Before the Gozo Channel! 7 ships used to bridge the crossing between Malta & Gozo
Before the Gozo Channel Operations Ltd was set up in 1978, there were various methods of connecting the two main islands, Malta and Gozo, and all involved sea travel. Over the years, there were multiple different operators, and we’ve rounded up seven ferries which were used during the 20th century prior to the setting up of the company – how many of these do you remember in operation?
1. Id-dghajsa tal-mghodija
Id-dghajsa tal-mghodija, which literally translates to ‘boat of passage’, was first recorded all the way back in 1241 and lasted well into the 20th century. At the start of this service, the area had already formed into a shallow harbour, but it wasn’t until the 19th century when the port area was developed.
Built in Japan in 1912, it was sold to the Malta Steamship Company Ltd in 1932 and served trips between the two islands for five years, before being sold on. The below picture shows the Golly run aground, which may have been a reason for it being sold in such a short timespan.
3. Royal Lady
Just like the Golly, the Royal Lady only served the area for five years before being sunk at Marfa on 6th May, 1942 by Luftwaffe bombers.
Initially built as a yacht, it was requisitioned by the Royal Navy during WWII, before being sold to Gasan in 1947. Its renovation took three years, and the ferry remained in service till 1957 before being sold on. While its fate remains unknown, there is a possibility the Bancinu may have been scrapped in 1970 or sunk with radioactive material on board.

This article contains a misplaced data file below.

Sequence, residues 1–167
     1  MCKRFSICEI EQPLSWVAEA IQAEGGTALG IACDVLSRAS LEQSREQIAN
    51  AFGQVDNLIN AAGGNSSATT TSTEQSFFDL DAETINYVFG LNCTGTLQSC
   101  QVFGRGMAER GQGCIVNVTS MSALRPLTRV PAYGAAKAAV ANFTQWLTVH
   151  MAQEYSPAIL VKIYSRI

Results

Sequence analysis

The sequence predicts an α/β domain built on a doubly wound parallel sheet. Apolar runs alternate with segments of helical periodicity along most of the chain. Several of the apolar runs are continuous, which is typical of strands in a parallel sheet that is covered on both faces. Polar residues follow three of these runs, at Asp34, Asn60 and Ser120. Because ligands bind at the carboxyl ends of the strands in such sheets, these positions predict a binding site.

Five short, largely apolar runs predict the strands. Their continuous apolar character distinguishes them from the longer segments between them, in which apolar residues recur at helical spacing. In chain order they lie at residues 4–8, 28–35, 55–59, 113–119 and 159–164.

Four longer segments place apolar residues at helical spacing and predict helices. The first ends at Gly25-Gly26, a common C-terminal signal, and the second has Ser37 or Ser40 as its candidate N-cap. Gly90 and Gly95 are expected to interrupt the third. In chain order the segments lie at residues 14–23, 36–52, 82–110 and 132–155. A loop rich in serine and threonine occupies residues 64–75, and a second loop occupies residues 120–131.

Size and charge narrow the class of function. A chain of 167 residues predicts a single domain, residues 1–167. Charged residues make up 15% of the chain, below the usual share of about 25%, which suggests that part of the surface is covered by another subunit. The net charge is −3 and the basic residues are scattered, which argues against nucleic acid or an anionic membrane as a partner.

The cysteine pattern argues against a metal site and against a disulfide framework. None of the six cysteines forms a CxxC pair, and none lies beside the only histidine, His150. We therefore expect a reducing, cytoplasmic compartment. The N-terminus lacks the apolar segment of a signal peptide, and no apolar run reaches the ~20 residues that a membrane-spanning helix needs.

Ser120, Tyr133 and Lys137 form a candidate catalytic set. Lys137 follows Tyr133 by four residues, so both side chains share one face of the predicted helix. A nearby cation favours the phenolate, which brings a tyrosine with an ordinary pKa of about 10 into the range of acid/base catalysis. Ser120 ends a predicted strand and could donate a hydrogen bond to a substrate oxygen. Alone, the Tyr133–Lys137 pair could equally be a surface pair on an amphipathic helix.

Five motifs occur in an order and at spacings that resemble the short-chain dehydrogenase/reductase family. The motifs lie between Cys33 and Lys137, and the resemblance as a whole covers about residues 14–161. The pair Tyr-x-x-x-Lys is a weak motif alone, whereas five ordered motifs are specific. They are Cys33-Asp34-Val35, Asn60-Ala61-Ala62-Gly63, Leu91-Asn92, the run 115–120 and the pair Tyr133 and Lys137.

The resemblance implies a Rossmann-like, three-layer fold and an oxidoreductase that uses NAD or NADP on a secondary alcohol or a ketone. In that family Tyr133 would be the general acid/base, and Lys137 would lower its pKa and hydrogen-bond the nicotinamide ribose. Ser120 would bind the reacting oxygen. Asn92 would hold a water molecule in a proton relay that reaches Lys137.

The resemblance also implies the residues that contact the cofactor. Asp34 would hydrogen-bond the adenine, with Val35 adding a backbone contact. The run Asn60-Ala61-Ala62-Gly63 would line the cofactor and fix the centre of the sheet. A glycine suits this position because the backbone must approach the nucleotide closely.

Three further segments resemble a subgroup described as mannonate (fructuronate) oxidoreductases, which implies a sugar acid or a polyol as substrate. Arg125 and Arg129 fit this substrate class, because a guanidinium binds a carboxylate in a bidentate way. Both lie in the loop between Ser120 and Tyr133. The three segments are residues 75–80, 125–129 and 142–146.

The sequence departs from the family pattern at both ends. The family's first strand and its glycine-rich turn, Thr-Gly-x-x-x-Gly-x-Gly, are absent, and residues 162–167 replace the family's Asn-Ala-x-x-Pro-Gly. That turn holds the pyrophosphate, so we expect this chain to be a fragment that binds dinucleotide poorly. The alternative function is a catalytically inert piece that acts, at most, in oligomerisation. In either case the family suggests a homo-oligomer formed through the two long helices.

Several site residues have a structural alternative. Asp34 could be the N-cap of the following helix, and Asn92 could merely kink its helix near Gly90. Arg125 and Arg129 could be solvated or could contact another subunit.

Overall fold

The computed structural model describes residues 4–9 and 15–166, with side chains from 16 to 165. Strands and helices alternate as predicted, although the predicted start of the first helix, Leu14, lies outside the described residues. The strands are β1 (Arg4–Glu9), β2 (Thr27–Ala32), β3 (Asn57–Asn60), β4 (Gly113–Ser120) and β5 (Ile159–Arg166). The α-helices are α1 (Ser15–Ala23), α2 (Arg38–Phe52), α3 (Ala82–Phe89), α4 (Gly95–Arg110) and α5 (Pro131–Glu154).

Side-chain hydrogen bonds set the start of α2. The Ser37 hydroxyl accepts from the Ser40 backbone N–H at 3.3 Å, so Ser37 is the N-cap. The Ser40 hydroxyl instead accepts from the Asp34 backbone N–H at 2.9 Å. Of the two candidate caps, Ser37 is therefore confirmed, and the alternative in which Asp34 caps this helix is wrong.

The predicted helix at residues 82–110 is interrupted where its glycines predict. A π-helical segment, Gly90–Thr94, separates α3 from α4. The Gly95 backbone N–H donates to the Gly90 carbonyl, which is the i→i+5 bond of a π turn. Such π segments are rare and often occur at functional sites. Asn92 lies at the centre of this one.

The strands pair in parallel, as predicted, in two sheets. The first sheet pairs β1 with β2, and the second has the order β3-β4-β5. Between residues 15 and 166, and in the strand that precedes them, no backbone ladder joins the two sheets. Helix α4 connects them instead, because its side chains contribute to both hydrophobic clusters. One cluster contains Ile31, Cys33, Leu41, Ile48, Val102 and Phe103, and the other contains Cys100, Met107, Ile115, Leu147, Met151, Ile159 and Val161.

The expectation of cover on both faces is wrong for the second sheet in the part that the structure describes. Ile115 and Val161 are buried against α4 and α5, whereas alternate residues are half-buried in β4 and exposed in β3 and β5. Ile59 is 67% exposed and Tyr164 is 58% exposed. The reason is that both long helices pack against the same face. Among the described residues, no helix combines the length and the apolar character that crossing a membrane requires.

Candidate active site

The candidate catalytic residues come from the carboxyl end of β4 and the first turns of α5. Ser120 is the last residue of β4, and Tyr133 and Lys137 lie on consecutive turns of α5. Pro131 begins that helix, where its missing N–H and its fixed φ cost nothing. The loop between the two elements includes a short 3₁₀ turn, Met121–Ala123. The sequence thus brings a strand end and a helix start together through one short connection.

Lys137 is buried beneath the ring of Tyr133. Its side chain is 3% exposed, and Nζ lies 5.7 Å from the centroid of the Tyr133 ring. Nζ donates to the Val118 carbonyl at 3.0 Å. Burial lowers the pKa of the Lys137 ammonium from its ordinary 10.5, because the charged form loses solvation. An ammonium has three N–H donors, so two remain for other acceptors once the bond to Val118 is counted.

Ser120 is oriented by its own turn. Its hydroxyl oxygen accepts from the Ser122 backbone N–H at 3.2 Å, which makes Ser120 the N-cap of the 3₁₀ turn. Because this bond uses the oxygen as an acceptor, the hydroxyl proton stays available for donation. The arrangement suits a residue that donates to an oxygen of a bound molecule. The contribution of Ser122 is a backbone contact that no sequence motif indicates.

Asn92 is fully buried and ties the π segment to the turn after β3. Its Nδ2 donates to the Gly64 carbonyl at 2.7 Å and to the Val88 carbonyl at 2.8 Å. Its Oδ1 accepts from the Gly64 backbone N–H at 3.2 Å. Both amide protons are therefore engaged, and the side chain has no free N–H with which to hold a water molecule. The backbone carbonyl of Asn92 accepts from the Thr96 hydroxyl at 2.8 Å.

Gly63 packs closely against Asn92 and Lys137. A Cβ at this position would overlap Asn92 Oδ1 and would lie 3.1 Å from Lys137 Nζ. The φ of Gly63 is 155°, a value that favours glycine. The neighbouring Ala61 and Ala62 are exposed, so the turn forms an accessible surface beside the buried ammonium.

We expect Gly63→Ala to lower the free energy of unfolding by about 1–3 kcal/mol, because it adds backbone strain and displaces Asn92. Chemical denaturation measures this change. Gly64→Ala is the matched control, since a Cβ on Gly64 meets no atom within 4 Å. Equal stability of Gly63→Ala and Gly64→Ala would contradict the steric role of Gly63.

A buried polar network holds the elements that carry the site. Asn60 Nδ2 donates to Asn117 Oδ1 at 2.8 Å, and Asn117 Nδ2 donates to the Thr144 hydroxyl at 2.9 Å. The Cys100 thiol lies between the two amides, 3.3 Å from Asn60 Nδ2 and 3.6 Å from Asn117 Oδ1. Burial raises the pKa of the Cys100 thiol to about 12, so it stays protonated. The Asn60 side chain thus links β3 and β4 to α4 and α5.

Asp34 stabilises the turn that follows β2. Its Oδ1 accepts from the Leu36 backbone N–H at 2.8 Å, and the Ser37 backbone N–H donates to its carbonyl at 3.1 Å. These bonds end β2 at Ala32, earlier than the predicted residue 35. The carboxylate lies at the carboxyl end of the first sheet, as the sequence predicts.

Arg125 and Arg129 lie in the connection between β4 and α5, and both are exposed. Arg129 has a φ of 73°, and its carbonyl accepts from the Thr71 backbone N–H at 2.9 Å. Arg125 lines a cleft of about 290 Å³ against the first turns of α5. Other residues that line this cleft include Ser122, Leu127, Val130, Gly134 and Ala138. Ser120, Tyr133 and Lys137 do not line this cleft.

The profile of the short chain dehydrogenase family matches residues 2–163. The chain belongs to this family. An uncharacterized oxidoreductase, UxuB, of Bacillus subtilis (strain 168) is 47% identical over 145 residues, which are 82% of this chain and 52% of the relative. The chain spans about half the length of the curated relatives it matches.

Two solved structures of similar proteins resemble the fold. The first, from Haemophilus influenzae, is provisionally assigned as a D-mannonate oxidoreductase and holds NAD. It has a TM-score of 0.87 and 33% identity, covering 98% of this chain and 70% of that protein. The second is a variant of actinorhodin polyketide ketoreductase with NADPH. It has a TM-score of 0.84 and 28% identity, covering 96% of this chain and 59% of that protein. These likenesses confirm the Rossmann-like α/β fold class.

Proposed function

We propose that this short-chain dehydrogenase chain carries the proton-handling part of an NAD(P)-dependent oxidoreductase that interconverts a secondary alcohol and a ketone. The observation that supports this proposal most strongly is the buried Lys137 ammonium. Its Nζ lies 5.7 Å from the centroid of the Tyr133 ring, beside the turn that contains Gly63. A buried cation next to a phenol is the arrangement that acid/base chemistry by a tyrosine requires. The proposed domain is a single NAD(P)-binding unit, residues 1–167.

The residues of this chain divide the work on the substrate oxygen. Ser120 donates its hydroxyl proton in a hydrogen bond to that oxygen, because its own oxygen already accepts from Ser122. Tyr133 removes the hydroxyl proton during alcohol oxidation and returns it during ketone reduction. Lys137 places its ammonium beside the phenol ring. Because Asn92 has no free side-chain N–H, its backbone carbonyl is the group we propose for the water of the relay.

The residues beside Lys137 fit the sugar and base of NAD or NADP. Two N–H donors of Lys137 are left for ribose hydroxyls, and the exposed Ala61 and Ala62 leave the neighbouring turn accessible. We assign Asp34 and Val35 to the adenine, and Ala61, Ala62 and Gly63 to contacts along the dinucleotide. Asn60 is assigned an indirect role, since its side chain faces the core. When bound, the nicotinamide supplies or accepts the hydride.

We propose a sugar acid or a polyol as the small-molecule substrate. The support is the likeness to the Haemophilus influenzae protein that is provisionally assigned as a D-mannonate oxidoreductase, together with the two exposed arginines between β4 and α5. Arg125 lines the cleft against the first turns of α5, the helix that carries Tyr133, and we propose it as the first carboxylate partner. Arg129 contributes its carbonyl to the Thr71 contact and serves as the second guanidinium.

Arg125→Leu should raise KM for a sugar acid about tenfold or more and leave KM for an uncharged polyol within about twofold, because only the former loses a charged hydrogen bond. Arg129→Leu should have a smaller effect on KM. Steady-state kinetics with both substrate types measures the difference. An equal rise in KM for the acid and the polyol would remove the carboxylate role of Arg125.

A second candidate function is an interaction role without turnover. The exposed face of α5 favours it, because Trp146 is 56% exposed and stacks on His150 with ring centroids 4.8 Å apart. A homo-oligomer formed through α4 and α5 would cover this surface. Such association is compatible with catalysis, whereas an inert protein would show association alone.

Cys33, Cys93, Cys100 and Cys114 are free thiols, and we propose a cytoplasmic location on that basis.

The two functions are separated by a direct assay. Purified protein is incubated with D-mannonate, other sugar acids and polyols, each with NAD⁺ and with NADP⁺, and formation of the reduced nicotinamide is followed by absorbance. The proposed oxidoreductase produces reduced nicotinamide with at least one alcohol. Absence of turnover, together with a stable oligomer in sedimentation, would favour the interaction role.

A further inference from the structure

5. Imperial Eagle
Specifically built as a replacement for the sunk Royal Lady, the Imperial Eagle was initially referred to by three different names: New Royal Lady, Royal Lady and Crested Eagle, but by 1958 the Imperial Eagle had been chosen as its name. After it stopped servicing the channel between the two islands, it operated as a cargo ship and spent an extensive period resting half-sunk at the Grand Harbour. Now, its remains can be found off Qawra, where it was scuttled 21 years ago.
The Jylland had quite the start to its life. Built as a Navy ship, it spent long years operating as one before finding its way to Malta. From 1967 it served as a link between the two islands and was later bought by the company Gozo Channel, where it was included as part of the fleet. It stayed in operation till 1984.
The Calypsoland was 36 years old when it was bought by a Maltese operator. Rechristened Calypsoland from its original moniker Prins Hendrik, it entered service in 1969 and just like the Jylland, was purchase by Gozo Channel and included in its fleet until 1984.
The Maltese islands are full of interesting chunks of history!